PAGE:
Alarmist Brewing Set To Become Sauganash's Only Brewery
"Beer is sort of this wonderful intersection of science and art," said Gulley, president and founder of Alarmist Brewing. "It lets you be creative, it lets you be analytical and logical. And I also get to build s---. So it satisfies all my needs at once."
Alarmist Brewing, which will be in a 10,000-square-foot facility with 16-foot ceilings at 4055 W. Peterson Ave., is set to debut in early November.
She said the brewery will sit on the site of the former Siebel Institute of Technology, America's oldest brewing school now located at 1777 N. Clybourn Ave. in Lincoln Park. Siebel was located at the Peterson address from 1952-2002.
"It's always great to see new businesses opening in Sauganash," Herren said. "We're excited to have Alarmist Brewing right here on Peterson Avenue and wish Gary much success."
Gulley said he chose the Northwest Side space because of the high ceilings, which he said are hard to find, and "there aren't any breweries up here."
On Friday, concrete was removed to create a new foundation, and 25-cubic-foot chest freezer was installed. The freezer will hold 300-plus pounds of hops from New Zealand, which will be used to create Gulley's first beer — a pale ale that won't be very bitter, have lots of taste and be below 5 percent alcohol by volume, Gulley said.
The beer doesn't have a name yet, and, like the brewery, it's a work in progress. In the coming months, $325,000 worth of equipment — including a brewhouse kettle, a mash tun, fermenters, a bright tank, hot liquor tank, steam boiler, keg washer and walk-in cooler — will be installed. Most of it has been purchased through a Small Business Association loan Gulley recently acquired.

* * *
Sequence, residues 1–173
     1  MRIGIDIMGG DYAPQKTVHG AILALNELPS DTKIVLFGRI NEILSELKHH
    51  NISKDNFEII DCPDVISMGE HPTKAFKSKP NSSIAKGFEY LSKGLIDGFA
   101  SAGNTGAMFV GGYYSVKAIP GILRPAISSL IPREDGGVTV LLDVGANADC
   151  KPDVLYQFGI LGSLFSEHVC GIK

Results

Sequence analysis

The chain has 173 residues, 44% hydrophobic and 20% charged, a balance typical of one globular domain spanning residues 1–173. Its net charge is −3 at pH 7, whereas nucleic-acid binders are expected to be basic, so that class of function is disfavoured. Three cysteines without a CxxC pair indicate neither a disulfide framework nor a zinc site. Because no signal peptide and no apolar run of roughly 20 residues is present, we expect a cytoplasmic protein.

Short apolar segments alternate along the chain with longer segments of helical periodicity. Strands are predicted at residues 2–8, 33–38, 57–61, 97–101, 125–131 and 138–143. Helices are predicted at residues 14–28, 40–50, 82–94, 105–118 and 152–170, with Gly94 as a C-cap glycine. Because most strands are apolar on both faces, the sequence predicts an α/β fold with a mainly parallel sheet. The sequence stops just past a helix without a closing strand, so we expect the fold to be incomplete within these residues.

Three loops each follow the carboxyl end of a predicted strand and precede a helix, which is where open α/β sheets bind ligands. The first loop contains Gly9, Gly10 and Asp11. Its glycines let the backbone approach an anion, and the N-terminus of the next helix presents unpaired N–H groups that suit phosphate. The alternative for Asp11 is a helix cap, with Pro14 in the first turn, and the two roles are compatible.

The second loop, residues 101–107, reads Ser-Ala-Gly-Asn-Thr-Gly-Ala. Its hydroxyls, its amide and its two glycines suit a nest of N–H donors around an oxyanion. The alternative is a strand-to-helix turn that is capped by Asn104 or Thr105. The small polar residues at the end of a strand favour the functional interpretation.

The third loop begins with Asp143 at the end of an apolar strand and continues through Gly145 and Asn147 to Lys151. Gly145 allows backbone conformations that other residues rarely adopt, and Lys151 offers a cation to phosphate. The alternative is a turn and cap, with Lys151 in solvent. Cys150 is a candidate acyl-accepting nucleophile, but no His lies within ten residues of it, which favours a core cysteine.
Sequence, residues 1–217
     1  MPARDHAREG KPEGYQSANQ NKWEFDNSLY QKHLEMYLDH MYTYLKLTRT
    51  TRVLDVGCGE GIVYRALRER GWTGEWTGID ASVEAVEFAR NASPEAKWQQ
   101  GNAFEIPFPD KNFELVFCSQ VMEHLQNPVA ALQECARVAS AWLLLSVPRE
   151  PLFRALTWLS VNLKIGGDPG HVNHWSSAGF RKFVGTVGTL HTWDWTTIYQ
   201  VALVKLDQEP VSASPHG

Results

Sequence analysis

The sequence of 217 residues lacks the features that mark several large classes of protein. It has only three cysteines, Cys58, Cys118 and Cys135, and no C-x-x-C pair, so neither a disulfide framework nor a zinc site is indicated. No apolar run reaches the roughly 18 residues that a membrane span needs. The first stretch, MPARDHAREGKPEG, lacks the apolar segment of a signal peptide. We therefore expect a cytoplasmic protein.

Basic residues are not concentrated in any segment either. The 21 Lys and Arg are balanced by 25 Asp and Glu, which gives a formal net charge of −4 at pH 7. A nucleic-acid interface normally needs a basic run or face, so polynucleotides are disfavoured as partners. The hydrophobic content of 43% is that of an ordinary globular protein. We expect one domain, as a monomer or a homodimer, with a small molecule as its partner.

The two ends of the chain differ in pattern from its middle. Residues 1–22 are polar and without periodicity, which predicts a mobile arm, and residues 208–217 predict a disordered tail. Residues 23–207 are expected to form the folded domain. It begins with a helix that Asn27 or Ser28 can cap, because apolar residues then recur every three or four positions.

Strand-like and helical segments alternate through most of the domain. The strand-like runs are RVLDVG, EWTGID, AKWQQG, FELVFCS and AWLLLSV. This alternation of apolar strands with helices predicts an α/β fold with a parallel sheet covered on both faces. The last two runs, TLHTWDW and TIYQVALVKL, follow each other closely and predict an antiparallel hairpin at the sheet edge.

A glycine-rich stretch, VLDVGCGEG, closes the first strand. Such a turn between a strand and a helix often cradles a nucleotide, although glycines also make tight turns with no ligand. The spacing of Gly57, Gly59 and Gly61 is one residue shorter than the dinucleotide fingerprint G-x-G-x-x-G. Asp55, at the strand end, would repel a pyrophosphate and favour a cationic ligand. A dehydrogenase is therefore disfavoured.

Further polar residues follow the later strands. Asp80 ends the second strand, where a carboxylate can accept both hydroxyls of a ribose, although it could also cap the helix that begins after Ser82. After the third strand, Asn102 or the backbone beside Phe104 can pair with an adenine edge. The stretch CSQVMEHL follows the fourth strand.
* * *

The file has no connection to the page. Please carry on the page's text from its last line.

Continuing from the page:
Gulley, 46, of Lincoln Square, has envisioned opening a brewery for 20 years. Gulley has a civil engineering degree from Purdue University and is an Internet and Web developer by trade, but he's been brewing beer at home since 1991.
In 2010, the idea was further cemented after he attended the Craft Brewers Conference in Chicago. The next year, he decided to go for broke after he lost his job, and his wife of 13 years, Bridget, was diagnosed with breast cancer. Bridget, a DePaul University graduate, is now in full remission.
"Those things happened, and it was like having a rug pulled out. Right then and there, I knew there was no going back," Gulley said. "And once we got a good prognosis and knew she was going to be OK, I was off and running."
Gulley graduated after completing a six-month program with the Vermont-based American Brewers Guild. He then finished a five-week internship with Ravenswood's Metropolitan Brewing and spent another half-year working on a business model.
"I learned the correct way to run a brewery and not to cut corners," Gulley said.
Gulley said he has about 20 investors, who include his in-laws, his mother, friends, co-workers and college buddies.
He's going to start with just the pale ale, then likely expand to a Belgian ale. The beer initially only will be available in kegs, Gulley said. He then hopes to have the product in cans.
Gulley said the pale ale will be distributed in the city and suburbs first, followed by "all of Illinois."
"Beyond that, who knows," said Gulley, who plans to hire a single employee — an assistant brewer — soon.
Gulley has two sons — Declan, 10, and Gavin, 7 — and part of his business venture was to show them that "if you work your a-- off, you can follow your dreams and make them happen."
"My youngest said he wants to work for me at the brewery," Gulley said. "What they don't understand is they've got their summer jobs for the next 10 years or longer."
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